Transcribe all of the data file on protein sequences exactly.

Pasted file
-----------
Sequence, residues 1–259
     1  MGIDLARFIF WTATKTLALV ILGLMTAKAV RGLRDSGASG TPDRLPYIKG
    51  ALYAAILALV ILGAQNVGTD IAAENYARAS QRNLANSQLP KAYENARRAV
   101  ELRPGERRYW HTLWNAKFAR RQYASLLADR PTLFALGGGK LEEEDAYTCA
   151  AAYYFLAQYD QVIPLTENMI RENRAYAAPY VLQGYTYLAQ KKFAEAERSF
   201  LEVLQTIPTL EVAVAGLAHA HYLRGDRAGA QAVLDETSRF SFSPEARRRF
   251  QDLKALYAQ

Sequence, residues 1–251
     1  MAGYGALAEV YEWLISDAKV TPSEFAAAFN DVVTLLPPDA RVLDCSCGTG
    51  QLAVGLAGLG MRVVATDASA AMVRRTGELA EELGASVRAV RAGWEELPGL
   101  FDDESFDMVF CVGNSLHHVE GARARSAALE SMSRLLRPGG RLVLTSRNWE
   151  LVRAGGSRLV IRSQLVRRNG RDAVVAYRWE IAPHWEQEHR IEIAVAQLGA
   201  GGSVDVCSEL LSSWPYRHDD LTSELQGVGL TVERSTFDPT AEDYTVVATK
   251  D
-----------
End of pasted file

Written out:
Sequence, residues 1–259
     1  MGIDLARFIF WTATKTLALV ILGLMTAKAV RGLRDSGASG TPDRLPYIKG
    51  ALYAAILALV ILGAQNVGTD IAAENYARAS QRNLANSQLP KAYENARRAV
   101  ELRPGERRYW HTLWNAKFAR RQYASLLADR PTLFALGGGK LEEEDAYTCA
   151  AAYYFLAQYD QVIPLTENMI RENRAYAAPY VLQGYTYLAQ KKFAEAERSF
   201  LEVLQTIPTL EVAVAGLAHA HYLRGDRAGA QAVLDETSRF SFSPEARRRF
   251  QDLKALYAQ

Sequence, residues 1–251
     1  MAGYGALAEV YEWLISDAKV TPSEFAAAFN DVVTLLPPDA RVLDCSCGTG
    51  QLAVGLAGLG MRVVATDASA AMVRRTGELA EELGASVRAV RAGWEELPGL
   101  FDDESFDMVF CVGNSLHHVE GARARSAALE SMSRLLRPGG RLVLTSRNWE
   151  LVRAGGSRLV IRSQLVRRNG RDAVVAYRWE IAPHWEQEHR IEIAVAQLGA
   201  GGSVDVCSEL LSSWPYRHDD LTSELQGVGL TVERSTFDPT AEDYTVVATK
   251  D